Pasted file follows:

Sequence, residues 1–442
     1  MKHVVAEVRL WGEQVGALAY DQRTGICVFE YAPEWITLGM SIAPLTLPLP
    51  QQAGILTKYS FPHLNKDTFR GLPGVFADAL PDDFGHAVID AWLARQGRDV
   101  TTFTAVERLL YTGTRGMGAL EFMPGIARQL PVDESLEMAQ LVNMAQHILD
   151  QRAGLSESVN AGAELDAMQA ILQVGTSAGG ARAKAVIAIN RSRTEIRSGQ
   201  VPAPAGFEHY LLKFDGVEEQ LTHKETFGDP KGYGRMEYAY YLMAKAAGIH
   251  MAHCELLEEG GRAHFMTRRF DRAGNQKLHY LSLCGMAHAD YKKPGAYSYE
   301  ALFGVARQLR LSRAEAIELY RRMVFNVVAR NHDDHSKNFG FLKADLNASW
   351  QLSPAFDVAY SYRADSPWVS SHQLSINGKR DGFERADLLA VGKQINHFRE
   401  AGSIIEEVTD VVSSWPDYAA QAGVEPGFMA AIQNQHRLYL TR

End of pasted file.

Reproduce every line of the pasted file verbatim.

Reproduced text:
Sequence, residues 1–442
     1  MKHVVAEVRL WGEQVGALAY DQRTGICVFE YAPEWITLGM SIAPLTLPLP
    51  QQAGILTKYS FPHLNKDTFR GLPGVFADAL PDDFGHAVID AWLARQGRDV
   101  TTFTAVERLL YTGTRGMGAL EFMPGIARQL PVDESLEMAQ LVNMAQHILD
   151  QRAGLSESVN AGAELDAMQA ILQVGTSAGG ARAKAVIAIN RSRTEIRSGQ
   201  VPAPAGFEHY LLKFDGVEEQ LTHKETFGDP KGYGRMEYAY YLMAKAAGIH
   251  MAHCELLEEG GRAHFMTRRF DRAGNQKLHY LSLCGMAHAD YKKPGAYSYE
   301  ALFGVARQLR LSRAEAIELY RRMVFNVVAR NHDDHSKNFG FLKADLNASW
   351  QLSPAFDVAY SYRADSPWVS SHQLSINGKR DGFERADLLA VGKQINHFRE
   401  AGSIIEEVTD VVSSWPDYAA QAGVEPGFMA AIQNQHRLYL TR